- USB cable
- Software CDs
- Instruction manuals and registration information
Canon Rebel T2i Conclusion
Once again, Canon has raised the bar at the consumer level, providing even more still-image resolution, and a high-def video mode with full control over exposure, resolution and frame rate, plus the ability to use autofocus during videos. Though it comes at a noticeably lower price, the Canon T2i handily trumps the competition from Nikon and others, and offers some timely features worth noticing.
The Eye-Fi status display stands out as a great idea that seems rather obvious in hindsight, but technical achievements like the iFCL metering, which helps autofocus accuracy by detecting the type of light, are where the Canon T2i really impresses.
With its sensor derived from that of the prosumer EOS 7D, the Canon T2i shares excellent image quality, with plenty of detail, true-to-life color, and very good high ISO performance, especially when considering its high resolution. Photographers interested solely in stills will find the Canon T2i to be a very capable camera, but it's those looking for a video-capable DSLR who'll find it almost unrivaled for the price point.
Image quality is impressive, though we did find the Canon T2i's 18-megapixel sensor revealing more flaws in the 18-55mm IS kit lens, especially in terms of chromatic aberration, but corners were still sharper than we normally see from most kit lenses, so it's not all bad. Resolution was incredible, and detail is clean. Even as ISO goes up, more detail is retained than we're used to seeing. Indeed, the Canon T2i's entire ISO range produced a usable image size, with ISO 100 shots easily making sharp 20x30-inch prints, ISO 3,200 shots making sharp 11x14-inch prints, and even ISO 12,800 shots producing a good quality 5x7-inch print. That's impressive.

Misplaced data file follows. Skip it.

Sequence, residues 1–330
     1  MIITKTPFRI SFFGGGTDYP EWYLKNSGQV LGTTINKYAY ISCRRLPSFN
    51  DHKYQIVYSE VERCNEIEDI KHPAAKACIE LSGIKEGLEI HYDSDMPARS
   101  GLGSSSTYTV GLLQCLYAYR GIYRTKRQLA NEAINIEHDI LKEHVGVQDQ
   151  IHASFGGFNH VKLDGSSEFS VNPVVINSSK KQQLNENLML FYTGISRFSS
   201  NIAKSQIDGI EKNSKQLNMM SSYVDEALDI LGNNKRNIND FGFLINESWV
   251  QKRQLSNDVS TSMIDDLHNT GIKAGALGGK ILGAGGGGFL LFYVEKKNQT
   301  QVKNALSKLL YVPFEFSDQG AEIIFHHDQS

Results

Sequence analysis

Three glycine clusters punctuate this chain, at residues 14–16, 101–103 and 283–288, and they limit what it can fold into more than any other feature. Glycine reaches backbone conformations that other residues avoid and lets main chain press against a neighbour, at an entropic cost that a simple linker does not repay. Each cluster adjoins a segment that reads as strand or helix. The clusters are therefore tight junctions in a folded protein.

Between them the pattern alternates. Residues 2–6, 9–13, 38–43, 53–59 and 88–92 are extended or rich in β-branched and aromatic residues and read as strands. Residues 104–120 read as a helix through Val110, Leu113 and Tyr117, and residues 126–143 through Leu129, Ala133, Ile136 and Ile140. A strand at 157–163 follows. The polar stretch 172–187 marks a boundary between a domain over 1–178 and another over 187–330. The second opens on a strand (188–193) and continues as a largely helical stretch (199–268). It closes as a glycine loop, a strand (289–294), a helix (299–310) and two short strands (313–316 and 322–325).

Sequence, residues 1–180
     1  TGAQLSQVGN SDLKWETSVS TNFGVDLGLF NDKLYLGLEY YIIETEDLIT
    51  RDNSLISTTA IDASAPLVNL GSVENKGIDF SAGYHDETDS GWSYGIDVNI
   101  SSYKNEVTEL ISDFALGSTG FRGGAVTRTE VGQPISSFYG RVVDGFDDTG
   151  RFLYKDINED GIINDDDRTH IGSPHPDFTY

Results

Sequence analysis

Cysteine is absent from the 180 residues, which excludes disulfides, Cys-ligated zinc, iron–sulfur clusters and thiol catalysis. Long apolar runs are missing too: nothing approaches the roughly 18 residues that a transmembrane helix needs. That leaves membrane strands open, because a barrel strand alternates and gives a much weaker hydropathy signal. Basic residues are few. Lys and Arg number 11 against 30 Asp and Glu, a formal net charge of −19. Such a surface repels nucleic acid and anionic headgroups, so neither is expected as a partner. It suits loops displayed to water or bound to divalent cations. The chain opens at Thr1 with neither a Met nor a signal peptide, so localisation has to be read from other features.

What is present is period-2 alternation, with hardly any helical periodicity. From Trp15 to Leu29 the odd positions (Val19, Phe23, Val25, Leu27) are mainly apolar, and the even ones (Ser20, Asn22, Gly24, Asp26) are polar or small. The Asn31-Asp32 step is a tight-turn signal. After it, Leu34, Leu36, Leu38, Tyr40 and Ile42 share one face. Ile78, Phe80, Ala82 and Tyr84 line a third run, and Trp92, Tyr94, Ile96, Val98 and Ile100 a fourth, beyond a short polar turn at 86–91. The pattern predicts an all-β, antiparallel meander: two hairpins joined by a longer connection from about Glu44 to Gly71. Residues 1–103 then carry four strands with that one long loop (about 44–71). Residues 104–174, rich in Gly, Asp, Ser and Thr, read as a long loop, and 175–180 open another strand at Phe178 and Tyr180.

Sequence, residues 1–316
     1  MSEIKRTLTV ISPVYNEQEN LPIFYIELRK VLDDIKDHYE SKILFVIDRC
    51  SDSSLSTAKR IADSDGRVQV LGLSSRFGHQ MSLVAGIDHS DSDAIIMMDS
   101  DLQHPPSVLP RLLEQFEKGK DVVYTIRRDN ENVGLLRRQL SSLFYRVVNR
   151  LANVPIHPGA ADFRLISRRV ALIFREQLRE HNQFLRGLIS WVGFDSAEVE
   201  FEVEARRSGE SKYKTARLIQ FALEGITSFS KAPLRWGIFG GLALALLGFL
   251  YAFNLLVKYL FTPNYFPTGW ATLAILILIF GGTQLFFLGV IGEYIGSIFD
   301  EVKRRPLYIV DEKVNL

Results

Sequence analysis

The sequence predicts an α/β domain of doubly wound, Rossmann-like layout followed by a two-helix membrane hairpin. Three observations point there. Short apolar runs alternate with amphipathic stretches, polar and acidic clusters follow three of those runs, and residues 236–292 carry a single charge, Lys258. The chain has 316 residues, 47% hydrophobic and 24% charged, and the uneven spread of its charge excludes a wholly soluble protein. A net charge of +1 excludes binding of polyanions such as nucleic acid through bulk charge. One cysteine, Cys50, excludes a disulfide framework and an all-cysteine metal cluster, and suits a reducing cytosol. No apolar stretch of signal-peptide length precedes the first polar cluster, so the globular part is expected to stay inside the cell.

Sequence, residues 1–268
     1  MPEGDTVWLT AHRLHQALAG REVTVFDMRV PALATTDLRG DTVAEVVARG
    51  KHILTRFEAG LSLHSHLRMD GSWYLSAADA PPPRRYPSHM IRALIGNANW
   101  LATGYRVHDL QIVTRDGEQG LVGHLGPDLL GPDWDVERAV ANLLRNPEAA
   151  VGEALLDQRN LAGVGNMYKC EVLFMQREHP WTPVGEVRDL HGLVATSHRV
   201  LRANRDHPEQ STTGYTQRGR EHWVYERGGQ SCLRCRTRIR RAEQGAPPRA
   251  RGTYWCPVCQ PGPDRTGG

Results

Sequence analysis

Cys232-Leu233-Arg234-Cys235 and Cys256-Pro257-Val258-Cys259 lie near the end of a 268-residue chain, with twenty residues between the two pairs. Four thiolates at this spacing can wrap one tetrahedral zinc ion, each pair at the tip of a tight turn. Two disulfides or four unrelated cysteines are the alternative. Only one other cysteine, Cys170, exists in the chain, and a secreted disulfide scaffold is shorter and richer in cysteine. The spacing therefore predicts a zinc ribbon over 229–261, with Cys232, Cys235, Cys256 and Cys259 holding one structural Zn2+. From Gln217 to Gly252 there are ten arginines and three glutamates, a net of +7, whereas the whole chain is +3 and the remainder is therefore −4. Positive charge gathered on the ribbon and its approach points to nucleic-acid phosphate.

As with most digital SLRs on the market, shooting video with the Canon T2i isn't as easy as using a commercial camcorder, but with some effort the dedicated hobbyist can make some impressive videos.
Overall, it's pretty tough to go wrong with the Canon T2i, which makes it a sure Dave's Pick.